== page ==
Are you being underpaid by Medicare Advantage Organizations?
By Dickson M. Capps, LFACHE, LFASHE, FACMPE, MHA
What’s the Problem?
Sequestration underpayments have been improperly withheld from provider payments by many Medicare Advantage Organizations [MAO] in violation of CMS guidelines that were issued on May 1, 2013.
History of Sequestration Withholding
The Budget Control Act of 2011 [BCA] adopted a methodology, commonly known as “sequestration,” to address Federal program spending after Congress failed to allocate reductions to remain within the approved spending limits. Congress included a provision in the BCA to limit the reduction of spending rates of the Medicare program to no more than 2% per year. These Congressional spending reductions were applied to both payments made directly to providers for Original Medicare services and to the monthly payments made to MAOs. CMS issued guidelines to MAOs to explain if and when the MAO could “pass through” the sequestration withholding to providers based on two factors: (1) participating [par] vs. non-participating [non-par] status and (2) payment terms of the contract.
The CMS Guidelines state that:
- If a provider is non-par, the MAO may pass the sequestration reduction through to the provider.
- If the provider is par (i.e. has executed a contract with the MAO), then the MAO must pay the provider in accordance with the terms of the contract.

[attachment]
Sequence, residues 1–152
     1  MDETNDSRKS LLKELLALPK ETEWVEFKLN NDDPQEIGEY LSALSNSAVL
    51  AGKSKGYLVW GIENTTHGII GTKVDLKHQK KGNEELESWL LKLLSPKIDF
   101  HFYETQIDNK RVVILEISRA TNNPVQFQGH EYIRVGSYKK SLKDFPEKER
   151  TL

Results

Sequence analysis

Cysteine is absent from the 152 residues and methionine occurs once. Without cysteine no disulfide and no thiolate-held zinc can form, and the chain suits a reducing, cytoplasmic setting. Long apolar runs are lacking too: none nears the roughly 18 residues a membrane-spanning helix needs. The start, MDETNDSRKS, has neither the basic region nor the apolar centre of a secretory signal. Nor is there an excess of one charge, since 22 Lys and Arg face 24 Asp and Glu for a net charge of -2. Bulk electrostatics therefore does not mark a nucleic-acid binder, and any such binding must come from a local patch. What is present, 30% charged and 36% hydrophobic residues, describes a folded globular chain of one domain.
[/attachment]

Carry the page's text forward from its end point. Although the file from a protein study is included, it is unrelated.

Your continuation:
- If the fee schedule in the contract reflects language that the provider will be paid “a percentage of the published Medicare fee schedule,” then all payments must be calculated in accordance with that provision.
- If the fee schedule in the contract reflects language allowing the MAO to adjust payments for sequestration, then the payment can be reduced up to 2%. An example of an adjustment provision follows:
Payment to Provider shall be ____% of the current Medicare Allowable net of any adjustments to Medicare payment methodologies, as updated or amended. The final payment amount to Provider shall be reduced in the same manner as the reduction in the final payment amount that CMS is applying to provider payments, e.g., sequestration, pursuant to the Budget Control Act of 2011, or any successor legislation. This provision shall apply for the duration of the time in which sequestration reductions are applied to provider payments.
When MAOs began operating in 2010, most them did not have a contracted provider panel, relying instead on deeming any Medicare provider as “participating.” CMS later changed that approach because Medicare beneficiaries complained about difficulty identifying providers who were willing to accept the new plans. This led to a frenzy for MAOs to formally contract a full panel in 2011 – 2012, which was prior to or concurrent with the enactment of the BCA. Because of that timing, few (if any) MAOs included provisions in the fee schedules for withholding or passing through the sequestration reductions. Sequestration withholding first appeared on EOBs issued in April 2013 when CMS began to apply its sequestration to payments made to MAOs. Vitally, few MAOs bothered to amend their contracts before applying sequestration reductions to provider payments.